Schools are scrambling to craft policies. Compliance staffs are bracing to be overwhelmed. And agents are offering six-figure advances to some NFL prospects, even if the legality of that is in question.
Most troubling of all, no one exactly knows who is supposed to enforce any of it—and how.
“This is the only play for the NCAA,” says Blake Lawrence, the CEO of Opendorse, one of the largest sports tech companies in the NIL space. “They need chaos. It’s the only way for them to get a federal bill faster.”
Sonny Vaccaro describes it as a mountain crumbling.
Several years ago, he swung one of the first pickaxes into the NCAA’s amateurism structure, a thrust that started the latest avalanche.
“The NCAA hung onto something that was totally illegal and immoral,” Vaccaro says.
The 81-year-old former shoe company executive was at least partially behind the Ed O’Bannon lawsuit against the NCAA, exposing one of the first cracks in the association’s model. Last week, the Supreme Court’s ruling in the Alston case—the NCAA lost, 9–0—further fractured the foundation.
History will view the two cases, both antitrust lawsuits, as small setbacks compared to the latest devastating blow from state lawmakers. Twenty-four states have passed NIL laws, the first in California in 2019 and the most significant in Florida, which set this 2021 timeline.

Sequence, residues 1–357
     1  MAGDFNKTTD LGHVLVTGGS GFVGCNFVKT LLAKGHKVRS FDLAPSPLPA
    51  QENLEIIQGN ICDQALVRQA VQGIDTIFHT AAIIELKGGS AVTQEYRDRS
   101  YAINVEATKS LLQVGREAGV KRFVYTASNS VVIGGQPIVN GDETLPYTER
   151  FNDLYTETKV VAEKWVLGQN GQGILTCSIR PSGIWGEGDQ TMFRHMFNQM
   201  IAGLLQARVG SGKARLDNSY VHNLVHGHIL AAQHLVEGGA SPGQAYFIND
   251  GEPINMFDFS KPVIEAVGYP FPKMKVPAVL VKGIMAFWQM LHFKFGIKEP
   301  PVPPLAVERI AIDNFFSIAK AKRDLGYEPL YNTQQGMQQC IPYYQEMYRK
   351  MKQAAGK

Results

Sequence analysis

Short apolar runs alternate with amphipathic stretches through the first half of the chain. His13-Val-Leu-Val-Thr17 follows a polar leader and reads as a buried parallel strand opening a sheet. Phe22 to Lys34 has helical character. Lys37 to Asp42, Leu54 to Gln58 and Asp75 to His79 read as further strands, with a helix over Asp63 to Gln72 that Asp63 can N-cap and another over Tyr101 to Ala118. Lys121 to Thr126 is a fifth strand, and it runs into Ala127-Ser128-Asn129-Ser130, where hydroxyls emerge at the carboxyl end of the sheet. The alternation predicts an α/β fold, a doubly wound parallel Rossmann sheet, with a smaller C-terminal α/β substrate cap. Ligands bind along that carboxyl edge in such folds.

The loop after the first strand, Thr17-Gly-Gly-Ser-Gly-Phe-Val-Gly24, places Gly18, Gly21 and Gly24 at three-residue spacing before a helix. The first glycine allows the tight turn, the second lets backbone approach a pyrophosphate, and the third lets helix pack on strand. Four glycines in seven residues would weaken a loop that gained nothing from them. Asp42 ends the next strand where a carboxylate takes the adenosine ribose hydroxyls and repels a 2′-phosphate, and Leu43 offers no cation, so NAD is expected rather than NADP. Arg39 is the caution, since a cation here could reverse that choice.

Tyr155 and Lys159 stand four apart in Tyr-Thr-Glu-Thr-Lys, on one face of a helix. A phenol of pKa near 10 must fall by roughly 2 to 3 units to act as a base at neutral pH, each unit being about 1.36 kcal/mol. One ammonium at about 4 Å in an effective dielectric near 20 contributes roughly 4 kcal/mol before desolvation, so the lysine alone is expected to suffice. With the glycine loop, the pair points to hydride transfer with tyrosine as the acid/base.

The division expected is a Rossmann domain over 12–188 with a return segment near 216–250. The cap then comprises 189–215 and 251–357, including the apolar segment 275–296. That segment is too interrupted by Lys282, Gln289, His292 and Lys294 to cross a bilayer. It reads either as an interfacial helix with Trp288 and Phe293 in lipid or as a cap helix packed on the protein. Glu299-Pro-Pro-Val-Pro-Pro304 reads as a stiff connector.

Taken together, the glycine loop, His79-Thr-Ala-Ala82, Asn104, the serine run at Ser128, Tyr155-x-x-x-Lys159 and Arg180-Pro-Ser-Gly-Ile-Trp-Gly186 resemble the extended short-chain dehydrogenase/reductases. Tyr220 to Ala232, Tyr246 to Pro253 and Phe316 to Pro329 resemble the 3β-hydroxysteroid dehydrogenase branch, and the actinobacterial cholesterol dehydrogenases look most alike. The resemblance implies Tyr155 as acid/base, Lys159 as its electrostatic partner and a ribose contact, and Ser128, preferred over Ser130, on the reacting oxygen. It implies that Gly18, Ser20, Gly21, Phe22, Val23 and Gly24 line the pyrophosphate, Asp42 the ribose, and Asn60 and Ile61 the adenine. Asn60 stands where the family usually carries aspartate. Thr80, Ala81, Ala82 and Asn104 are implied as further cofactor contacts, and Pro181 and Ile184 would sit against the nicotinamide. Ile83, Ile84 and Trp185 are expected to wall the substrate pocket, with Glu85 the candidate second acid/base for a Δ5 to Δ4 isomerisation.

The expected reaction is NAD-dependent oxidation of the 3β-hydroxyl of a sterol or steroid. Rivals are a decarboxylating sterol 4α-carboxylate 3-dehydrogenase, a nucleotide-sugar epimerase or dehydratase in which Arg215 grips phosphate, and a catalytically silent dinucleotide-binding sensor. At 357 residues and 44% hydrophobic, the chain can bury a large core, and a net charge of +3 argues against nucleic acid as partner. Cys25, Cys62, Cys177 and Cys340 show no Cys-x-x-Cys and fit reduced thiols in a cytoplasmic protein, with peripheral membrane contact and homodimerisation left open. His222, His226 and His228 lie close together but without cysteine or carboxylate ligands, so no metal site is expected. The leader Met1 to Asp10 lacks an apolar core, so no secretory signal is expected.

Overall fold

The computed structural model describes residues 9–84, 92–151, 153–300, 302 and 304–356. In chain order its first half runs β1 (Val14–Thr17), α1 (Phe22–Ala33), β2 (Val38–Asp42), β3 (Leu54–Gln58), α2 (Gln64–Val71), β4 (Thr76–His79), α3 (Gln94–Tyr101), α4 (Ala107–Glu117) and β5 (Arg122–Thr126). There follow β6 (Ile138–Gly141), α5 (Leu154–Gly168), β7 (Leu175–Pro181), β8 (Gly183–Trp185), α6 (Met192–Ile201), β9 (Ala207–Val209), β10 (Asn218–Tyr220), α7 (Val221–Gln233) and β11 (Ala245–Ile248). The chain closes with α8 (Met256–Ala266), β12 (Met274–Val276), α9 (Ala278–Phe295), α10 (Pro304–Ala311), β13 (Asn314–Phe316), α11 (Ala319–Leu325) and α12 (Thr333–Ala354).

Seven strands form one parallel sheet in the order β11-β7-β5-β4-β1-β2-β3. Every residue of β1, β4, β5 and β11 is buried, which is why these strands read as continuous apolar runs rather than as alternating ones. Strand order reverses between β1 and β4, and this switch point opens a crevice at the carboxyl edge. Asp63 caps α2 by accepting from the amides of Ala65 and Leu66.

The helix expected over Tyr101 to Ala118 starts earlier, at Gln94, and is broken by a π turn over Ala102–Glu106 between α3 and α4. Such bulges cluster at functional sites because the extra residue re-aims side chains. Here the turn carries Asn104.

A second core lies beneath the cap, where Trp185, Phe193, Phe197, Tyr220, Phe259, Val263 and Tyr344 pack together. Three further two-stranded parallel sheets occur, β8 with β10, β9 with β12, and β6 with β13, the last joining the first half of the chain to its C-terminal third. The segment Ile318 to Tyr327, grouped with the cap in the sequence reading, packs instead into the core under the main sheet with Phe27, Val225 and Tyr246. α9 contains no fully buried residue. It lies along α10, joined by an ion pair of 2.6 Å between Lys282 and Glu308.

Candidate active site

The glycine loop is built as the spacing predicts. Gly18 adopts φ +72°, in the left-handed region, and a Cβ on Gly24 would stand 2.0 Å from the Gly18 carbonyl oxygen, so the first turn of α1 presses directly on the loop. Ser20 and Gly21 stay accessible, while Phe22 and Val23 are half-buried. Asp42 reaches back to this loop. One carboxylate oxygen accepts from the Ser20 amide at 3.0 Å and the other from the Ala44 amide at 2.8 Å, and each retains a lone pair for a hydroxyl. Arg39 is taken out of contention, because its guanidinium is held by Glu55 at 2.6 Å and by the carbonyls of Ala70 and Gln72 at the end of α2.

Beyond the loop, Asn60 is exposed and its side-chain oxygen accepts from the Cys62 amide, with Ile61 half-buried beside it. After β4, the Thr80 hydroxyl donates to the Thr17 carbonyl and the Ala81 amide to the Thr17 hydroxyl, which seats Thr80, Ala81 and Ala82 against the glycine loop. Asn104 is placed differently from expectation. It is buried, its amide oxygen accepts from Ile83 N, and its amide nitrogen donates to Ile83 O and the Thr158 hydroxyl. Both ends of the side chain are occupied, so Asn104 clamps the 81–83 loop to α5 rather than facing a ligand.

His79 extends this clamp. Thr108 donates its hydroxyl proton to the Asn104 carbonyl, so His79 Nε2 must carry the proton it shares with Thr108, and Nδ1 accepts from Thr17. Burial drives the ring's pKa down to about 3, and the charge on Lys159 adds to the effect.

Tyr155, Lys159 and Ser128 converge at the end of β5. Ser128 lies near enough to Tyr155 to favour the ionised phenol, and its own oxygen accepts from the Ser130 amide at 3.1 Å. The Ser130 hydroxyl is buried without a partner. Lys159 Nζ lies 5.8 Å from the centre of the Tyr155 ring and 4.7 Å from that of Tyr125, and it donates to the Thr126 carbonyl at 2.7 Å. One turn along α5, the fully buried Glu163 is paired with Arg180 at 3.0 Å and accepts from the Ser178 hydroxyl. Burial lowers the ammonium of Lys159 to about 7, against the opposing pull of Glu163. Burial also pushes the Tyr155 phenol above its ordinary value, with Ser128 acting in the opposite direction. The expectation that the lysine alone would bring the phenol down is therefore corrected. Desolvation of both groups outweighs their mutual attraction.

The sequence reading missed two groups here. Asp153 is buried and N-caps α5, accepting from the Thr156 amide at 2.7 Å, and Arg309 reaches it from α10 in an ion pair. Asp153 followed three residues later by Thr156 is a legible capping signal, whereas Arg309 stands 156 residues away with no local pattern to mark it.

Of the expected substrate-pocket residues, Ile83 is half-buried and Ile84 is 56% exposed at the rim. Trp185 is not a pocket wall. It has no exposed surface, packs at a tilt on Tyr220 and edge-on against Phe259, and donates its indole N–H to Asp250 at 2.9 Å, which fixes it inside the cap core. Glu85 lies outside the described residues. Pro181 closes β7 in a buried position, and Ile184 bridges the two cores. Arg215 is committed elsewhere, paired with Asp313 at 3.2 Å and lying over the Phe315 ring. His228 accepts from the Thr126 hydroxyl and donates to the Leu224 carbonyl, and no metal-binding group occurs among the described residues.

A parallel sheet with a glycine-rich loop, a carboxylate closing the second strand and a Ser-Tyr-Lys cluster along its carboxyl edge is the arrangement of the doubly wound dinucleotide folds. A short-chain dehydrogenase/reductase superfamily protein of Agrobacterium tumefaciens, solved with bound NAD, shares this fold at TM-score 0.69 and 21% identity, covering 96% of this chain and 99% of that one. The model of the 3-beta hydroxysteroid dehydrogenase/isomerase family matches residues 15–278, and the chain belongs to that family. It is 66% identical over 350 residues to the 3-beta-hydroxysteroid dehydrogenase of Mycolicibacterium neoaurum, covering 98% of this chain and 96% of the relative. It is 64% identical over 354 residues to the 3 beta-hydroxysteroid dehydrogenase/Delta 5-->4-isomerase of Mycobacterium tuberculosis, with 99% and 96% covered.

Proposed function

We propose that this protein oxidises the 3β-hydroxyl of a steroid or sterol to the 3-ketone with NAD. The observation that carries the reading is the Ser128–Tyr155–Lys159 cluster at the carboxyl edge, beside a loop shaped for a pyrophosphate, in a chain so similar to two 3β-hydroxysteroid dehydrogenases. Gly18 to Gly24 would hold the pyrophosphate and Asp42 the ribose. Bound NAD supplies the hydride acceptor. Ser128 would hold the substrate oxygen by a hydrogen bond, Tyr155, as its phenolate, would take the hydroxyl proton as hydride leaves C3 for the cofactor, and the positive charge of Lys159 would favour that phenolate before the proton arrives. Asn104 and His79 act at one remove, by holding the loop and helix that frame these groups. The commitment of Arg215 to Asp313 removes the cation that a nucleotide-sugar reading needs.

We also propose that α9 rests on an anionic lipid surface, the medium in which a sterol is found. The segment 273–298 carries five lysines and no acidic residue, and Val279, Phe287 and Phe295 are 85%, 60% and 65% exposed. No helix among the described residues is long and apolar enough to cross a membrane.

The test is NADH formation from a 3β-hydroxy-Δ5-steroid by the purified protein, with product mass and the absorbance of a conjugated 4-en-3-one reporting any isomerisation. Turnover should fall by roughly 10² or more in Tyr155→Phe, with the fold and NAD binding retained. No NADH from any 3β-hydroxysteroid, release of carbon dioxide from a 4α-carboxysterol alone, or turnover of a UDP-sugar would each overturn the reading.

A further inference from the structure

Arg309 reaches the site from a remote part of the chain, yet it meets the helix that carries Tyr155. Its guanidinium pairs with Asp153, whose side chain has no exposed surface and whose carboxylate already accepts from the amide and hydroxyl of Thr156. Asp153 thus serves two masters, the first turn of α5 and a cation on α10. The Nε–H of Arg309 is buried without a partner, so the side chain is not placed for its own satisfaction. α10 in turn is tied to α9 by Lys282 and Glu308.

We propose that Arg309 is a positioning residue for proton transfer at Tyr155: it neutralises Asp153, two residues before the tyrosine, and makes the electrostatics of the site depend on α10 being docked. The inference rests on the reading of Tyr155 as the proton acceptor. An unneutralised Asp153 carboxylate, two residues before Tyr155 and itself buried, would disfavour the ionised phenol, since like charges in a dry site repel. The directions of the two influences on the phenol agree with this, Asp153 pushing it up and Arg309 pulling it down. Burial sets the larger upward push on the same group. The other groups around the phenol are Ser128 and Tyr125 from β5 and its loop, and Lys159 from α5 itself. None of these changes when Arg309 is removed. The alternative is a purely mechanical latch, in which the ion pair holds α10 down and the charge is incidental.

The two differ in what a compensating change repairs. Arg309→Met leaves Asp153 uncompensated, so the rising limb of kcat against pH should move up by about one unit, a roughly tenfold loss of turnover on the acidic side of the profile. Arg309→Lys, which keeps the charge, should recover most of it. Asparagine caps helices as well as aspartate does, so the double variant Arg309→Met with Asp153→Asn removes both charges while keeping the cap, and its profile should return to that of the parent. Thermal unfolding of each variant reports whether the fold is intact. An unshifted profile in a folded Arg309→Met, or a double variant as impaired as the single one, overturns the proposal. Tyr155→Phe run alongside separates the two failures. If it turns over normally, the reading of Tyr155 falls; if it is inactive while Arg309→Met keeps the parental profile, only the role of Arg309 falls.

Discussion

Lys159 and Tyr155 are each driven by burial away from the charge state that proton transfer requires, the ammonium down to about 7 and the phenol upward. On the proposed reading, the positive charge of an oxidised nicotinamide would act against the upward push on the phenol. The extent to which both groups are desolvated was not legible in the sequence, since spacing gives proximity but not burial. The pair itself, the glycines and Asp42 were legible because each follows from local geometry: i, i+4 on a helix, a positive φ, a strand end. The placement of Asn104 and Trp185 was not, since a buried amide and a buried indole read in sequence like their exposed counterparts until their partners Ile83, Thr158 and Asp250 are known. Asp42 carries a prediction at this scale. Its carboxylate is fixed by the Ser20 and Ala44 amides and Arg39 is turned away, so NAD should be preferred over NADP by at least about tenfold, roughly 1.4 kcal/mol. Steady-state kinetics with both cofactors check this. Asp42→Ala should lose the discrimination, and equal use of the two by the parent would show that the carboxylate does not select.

The state-by-state movement is a representation of the American public’s shift on the idea of amateurism, a striking difference to just seven years ago when Vaccaro and O’Bannon took criticism during the 2014 trial.
“That’s the thing that hurt, to watch Eddie be demeaned,” says Vaccaro, speaking from his California home earlier this week. “But, in the end, we did it. It’s monumental. It’s the best thing I’ve ever done in my life—and I signed Michael Jordan.”
If anyone predicted how this played out, it’s Tom McMillen, the former NBA player and U.S. Congressman from Maryland who is now the president of Lead1, which represents the athletic directors of the Football Bowl Subdivision.